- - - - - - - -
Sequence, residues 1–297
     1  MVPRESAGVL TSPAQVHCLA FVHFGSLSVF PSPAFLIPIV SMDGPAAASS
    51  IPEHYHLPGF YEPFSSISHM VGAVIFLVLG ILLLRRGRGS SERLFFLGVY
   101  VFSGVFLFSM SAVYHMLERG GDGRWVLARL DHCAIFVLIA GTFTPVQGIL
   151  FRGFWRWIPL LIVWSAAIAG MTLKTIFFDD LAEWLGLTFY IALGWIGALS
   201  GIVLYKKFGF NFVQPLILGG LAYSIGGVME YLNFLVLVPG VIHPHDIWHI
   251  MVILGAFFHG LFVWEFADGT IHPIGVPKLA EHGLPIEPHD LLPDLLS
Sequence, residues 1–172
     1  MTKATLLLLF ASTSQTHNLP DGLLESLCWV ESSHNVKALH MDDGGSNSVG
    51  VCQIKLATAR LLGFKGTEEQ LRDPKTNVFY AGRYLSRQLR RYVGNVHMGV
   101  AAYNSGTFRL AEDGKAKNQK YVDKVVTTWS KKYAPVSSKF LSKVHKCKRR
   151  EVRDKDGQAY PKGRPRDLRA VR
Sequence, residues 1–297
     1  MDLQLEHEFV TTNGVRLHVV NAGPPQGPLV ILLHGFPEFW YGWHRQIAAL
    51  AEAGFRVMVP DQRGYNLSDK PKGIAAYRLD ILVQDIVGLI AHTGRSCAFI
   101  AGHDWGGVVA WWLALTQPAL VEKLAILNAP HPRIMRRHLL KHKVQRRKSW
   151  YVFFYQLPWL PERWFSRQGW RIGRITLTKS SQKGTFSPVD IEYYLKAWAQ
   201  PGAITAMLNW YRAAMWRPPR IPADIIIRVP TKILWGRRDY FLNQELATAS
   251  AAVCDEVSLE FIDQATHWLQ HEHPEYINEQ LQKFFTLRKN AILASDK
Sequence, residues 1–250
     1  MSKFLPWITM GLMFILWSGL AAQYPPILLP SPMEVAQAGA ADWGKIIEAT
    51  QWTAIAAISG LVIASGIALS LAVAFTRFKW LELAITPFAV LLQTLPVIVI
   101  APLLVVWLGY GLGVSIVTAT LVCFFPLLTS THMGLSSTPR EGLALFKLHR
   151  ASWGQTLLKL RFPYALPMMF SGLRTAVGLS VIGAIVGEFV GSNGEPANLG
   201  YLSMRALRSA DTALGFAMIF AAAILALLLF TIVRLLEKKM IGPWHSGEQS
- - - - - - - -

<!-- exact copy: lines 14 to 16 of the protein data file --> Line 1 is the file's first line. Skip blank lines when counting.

     1  MDLQLEHEFV TTNGVRLHVV NAGPPQGPLV ILLHGFPEFW YGWHRQIAAL
    51  AEAGFRVMVP DQRGYNLSDK PKGIAAYRLD ILVQDIVGLI AHTGRSCAFI
   101  AGHDWGGVVA WWLALTQPAL VEKLAILNAP HPRIMRRHLL KHKVQRRKSW